Patient Safety Tip of the Week

February 26, 2007            Unintended Consequences


Those of you who are participating in IHI’s “5 Million Lives Campaign” likely are focusing on preventing harm from high-alert medications. If you are not, you should be – even if you are not officially participating in the campaign. One of the suggested changes to improve management of narcotics is to make available protocols and reversal agents that can be administered without additional physician orders. Given the frequency with which unintended respiratory depression (or other side effects) occurs secondary to narcotics, such protocols undoubtedly will prevent harm in almost every hospital or ambulatory surgery/procedure center.


However, we have now seen several cases where Narcan, administered by a nurse under such a protocol, actually precipitated an acute narcotic withdrawal syndrome. In each case, the patient had been on long-standing narcotic treatment (eg. for cancer-related pain) and had received an intravenous narcotic as part of conscious sedation for a procedure, resulting in respiratory depression. The Narcan administration was successful at reversal of the respiratory depression. However, the patients developed a very painful, uncomfortable state that was not immediately recognized as a withdrawal state.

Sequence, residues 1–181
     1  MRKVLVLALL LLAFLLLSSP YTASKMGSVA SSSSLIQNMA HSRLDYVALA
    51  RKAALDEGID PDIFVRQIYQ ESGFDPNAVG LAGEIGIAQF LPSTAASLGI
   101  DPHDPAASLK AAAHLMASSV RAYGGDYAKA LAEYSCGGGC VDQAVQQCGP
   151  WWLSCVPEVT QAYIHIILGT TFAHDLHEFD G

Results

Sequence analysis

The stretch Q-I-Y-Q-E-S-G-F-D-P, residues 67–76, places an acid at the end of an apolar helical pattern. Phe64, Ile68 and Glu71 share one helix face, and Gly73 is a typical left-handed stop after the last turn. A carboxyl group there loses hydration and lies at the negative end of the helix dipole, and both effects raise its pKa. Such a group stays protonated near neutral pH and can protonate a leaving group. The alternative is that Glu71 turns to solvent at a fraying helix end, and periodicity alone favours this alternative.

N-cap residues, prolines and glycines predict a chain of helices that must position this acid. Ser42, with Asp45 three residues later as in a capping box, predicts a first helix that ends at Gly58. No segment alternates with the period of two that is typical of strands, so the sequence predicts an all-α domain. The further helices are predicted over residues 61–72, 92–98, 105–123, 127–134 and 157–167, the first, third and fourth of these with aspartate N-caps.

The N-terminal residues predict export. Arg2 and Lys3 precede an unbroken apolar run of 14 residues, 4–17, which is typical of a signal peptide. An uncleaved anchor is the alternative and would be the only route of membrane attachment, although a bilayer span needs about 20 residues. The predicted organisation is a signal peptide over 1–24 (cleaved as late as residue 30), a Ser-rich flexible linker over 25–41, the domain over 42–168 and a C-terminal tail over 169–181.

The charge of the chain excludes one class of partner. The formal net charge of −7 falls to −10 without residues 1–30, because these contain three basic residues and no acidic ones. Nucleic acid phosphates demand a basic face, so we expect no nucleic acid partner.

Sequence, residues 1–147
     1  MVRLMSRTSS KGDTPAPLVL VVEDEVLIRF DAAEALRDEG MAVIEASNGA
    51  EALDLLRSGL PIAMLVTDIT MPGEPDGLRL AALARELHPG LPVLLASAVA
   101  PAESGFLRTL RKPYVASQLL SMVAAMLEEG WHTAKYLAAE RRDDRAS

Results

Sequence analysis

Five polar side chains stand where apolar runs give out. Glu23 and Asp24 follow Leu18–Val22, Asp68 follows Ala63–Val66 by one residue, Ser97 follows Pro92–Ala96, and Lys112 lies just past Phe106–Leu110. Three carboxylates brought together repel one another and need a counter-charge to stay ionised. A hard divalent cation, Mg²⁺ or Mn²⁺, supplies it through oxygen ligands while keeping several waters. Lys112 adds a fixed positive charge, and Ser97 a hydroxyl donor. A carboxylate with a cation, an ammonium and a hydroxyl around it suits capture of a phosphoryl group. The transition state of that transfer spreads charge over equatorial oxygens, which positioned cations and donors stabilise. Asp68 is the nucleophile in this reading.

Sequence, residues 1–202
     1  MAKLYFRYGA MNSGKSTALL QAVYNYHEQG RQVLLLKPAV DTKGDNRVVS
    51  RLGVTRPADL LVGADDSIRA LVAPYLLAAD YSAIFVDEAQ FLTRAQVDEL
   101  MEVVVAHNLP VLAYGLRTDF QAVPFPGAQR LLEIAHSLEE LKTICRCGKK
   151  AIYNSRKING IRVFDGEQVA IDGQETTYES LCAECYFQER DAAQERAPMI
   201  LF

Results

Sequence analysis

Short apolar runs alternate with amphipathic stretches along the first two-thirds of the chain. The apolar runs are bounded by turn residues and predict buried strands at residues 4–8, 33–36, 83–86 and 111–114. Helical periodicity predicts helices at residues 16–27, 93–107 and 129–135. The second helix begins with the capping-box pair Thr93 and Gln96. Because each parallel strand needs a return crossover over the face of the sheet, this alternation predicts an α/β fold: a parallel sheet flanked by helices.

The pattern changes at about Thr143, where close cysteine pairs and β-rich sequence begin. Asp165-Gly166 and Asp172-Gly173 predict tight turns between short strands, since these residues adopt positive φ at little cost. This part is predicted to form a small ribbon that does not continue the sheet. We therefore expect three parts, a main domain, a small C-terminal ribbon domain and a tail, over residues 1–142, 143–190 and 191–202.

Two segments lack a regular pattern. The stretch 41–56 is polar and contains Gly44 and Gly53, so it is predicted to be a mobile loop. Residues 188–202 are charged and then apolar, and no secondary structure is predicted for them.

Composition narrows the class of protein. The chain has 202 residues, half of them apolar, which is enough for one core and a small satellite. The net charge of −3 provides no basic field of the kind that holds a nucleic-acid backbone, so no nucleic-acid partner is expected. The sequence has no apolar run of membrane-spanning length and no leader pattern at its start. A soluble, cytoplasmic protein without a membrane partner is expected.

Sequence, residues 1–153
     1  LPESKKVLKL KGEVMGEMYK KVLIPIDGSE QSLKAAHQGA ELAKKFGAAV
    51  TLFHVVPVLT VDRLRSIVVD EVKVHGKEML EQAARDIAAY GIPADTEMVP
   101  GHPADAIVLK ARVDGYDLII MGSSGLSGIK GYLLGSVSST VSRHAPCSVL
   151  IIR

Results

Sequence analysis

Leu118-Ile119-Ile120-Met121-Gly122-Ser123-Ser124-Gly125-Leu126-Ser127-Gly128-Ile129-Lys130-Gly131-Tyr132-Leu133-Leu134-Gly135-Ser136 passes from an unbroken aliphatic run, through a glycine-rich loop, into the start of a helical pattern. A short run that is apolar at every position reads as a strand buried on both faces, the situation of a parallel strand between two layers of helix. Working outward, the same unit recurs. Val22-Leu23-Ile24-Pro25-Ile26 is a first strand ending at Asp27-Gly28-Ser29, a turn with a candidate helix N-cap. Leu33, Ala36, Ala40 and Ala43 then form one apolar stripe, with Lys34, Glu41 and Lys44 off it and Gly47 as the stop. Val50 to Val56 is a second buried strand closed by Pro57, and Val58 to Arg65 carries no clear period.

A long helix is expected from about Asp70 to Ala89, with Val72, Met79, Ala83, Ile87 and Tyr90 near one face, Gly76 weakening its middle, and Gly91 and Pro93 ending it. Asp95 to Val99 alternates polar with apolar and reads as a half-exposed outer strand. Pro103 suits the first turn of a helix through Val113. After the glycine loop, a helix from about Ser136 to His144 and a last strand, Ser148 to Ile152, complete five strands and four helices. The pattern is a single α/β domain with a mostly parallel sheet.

The take-home lesson here is to build into your narcotic reversal protocol a provision for monitoring for an acute narcotic withdrawal syndrome in those patients who had previously been narcotic-dependent. The chance of this occurring is very small compared to the large number of patients who will benefit from a narcotic reversal protocol. But you need to keep this unintended consequence in mind as you develop those protocols at your facilities.









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